Comparative immunobiology of thymic DC mRNA in autoimmune-prone mice

T. Okada, M. Inaba, M. Naiki, Z. X. Lian, M. Eric Gershwin, S. Ikehara

Research output: Contribution to journalArticle

10 Scopus citations

Abstract

New Zealand Black (NZB) mice have multiple defects in both innate and acquired immunity. A fundamental defect, described more than 25 years ago, is premature thymic involution. Subsequent studies have disclosed multiple defects in thymic epithelial cells, and it has been proposed that thymic dendritic cells (DCs) play an important role not only in thymic involution but also in the appearance of immunopathology. However, the number of available thymic DCs makes this population extremely difficult to study. We have taken advantage of our ability to isolate pure populations of thymic DCs and have examined several key mRNA levels of enzymes involved in signal transduction. Our data on NZB mice was compared to that of NZB x NZW F1 (B/WF1), BXSB-Yaa, MRL/lpr, NOD and control mice. Importantly, we demonstrate herein that a common feature in autoimmune-prone mice is an increase of thymic DC c-met mRNA. Indeed, the increase in c-met mRNA levels appeared specific to the thymus and was not noted in the spleen. Additionally, we demonstrate that E-cadherin, a downstream molecule of c-met, is also reduced. Finally, we note that the levels of HGF mRNA are normal in the autoimmune strains examined herein, confirming that the abnormality of c-met mRNA is not due to primary defects in thymic stromal cells. We submit that these results highlight the possibility of a selective defect in thymic DCs which will be a pivotal step in loss of tolerance, and suggest that future studies focus on adoptive cell transfer involving this population.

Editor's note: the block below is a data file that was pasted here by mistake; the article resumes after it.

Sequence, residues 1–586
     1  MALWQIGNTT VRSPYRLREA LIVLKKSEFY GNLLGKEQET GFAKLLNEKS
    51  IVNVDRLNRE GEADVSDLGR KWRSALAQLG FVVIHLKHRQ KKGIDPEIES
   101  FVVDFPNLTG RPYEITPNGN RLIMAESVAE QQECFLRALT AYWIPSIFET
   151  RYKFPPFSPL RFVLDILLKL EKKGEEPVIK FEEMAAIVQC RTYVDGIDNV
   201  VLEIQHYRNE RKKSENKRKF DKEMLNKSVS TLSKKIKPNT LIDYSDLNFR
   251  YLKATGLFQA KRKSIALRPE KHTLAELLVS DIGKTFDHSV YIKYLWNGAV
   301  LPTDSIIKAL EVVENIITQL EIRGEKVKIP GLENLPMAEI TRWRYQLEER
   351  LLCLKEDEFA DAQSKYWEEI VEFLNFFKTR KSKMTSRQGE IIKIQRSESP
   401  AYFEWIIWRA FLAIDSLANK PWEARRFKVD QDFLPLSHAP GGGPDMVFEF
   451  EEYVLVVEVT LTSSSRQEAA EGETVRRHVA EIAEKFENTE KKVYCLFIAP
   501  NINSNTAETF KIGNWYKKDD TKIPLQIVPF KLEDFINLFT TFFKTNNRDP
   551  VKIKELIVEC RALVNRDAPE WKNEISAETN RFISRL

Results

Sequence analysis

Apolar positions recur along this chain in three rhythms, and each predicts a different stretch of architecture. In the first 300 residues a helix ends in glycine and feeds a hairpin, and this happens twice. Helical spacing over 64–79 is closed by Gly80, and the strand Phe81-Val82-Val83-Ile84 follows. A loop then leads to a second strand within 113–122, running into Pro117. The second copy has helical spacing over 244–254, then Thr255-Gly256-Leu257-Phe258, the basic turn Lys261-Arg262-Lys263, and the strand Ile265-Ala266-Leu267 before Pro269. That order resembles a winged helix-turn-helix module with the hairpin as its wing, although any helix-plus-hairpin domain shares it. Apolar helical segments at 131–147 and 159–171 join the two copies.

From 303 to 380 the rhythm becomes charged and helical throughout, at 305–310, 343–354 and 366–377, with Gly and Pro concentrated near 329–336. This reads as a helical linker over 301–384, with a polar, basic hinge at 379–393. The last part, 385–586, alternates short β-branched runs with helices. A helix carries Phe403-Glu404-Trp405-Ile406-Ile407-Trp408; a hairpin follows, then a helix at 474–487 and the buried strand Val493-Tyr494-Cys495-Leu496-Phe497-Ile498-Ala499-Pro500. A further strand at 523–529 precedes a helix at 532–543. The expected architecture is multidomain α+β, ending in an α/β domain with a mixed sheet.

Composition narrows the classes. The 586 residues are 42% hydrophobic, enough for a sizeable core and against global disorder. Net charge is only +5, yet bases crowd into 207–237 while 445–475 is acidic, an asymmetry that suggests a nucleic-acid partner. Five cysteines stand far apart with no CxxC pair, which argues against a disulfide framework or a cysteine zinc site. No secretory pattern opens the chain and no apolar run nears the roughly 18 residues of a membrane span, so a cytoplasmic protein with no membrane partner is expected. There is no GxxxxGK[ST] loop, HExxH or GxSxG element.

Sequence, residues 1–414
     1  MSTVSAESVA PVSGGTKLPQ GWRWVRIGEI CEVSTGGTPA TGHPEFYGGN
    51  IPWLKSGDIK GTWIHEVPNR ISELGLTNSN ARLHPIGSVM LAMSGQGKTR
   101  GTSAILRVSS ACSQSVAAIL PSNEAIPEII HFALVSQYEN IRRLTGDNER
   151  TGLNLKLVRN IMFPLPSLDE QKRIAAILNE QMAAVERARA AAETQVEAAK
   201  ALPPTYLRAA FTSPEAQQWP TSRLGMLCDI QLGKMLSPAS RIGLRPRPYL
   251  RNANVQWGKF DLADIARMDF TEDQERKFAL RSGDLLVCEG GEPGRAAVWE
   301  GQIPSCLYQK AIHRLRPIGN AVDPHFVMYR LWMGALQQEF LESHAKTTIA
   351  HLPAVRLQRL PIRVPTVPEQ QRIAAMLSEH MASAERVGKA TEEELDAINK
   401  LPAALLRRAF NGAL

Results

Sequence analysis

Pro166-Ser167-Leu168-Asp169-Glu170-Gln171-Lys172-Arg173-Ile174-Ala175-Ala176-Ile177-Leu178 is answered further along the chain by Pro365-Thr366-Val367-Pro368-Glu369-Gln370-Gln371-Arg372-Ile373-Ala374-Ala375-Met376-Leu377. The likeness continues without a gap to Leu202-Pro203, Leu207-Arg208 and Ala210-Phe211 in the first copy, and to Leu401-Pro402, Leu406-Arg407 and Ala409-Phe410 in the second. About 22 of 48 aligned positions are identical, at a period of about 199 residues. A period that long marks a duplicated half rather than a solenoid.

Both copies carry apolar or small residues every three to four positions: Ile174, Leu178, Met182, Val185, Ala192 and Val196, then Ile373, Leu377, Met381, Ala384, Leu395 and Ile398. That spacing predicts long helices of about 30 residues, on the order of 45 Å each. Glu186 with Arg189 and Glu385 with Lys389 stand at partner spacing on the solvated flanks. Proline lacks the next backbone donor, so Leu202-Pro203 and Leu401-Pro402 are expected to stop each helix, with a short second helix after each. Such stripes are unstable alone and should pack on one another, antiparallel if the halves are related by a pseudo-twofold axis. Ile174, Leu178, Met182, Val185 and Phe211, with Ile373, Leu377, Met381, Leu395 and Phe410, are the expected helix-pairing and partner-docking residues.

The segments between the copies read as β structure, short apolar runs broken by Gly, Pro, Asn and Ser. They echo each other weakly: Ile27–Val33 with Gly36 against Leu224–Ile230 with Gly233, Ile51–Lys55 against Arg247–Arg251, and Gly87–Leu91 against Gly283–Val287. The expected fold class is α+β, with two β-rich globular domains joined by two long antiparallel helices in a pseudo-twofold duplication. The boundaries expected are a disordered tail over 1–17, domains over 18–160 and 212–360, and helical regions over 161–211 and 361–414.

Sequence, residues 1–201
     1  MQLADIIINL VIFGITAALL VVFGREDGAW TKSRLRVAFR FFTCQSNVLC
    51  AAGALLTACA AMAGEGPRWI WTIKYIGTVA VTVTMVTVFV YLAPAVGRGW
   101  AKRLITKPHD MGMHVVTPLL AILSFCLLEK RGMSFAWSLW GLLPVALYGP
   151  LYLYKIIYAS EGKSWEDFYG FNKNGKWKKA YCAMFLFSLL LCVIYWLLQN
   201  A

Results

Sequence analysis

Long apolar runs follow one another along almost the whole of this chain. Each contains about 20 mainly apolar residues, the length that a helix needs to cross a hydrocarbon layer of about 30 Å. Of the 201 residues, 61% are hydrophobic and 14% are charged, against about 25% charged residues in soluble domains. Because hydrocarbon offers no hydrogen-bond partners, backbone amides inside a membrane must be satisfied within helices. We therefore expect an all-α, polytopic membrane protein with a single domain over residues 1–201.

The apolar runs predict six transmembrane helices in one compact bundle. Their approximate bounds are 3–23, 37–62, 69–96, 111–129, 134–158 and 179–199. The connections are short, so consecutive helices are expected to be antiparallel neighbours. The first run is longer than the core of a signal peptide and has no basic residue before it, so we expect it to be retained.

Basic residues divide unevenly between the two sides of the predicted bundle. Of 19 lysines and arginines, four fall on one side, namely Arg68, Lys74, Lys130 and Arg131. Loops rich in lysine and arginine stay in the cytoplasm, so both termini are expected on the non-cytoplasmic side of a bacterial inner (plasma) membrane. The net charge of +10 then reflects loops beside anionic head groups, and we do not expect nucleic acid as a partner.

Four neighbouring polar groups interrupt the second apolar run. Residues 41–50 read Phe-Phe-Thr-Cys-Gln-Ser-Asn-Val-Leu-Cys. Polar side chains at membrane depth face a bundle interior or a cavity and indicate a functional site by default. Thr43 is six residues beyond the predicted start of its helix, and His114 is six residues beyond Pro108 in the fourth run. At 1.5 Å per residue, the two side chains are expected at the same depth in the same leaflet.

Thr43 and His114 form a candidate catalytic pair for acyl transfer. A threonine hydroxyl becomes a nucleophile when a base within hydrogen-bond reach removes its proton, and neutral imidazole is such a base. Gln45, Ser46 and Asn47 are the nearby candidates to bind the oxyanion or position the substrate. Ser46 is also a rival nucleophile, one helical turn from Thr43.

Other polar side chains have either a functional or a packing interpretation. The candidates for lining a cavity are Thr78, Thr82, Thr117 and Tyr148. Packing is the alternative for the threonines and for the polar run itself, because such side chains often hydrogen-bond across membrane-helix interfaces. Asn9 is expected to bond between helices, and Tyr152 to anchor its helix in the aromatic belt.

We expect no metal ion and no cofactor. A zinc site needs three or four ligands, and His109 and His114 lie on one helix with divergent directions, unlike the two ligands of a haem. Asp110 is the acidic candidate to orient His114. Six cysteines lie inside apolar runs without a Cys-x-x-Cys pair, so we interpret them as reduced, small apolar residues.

Original languageEnglish (US)
Pages (from-to)41-45
Number of pages5
JournalJournal of Autoimmunity
Volume28
Issue number1
DOIs
StatePublished - Feb 2007
Externally publishedYes

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Keywords

  • Autoimmune disease
  • C-met tyrosine kinase
  • Thymic dendritic cell

ASJC Scopus subject areas

  • Immunology
  • Immunology and Allergy

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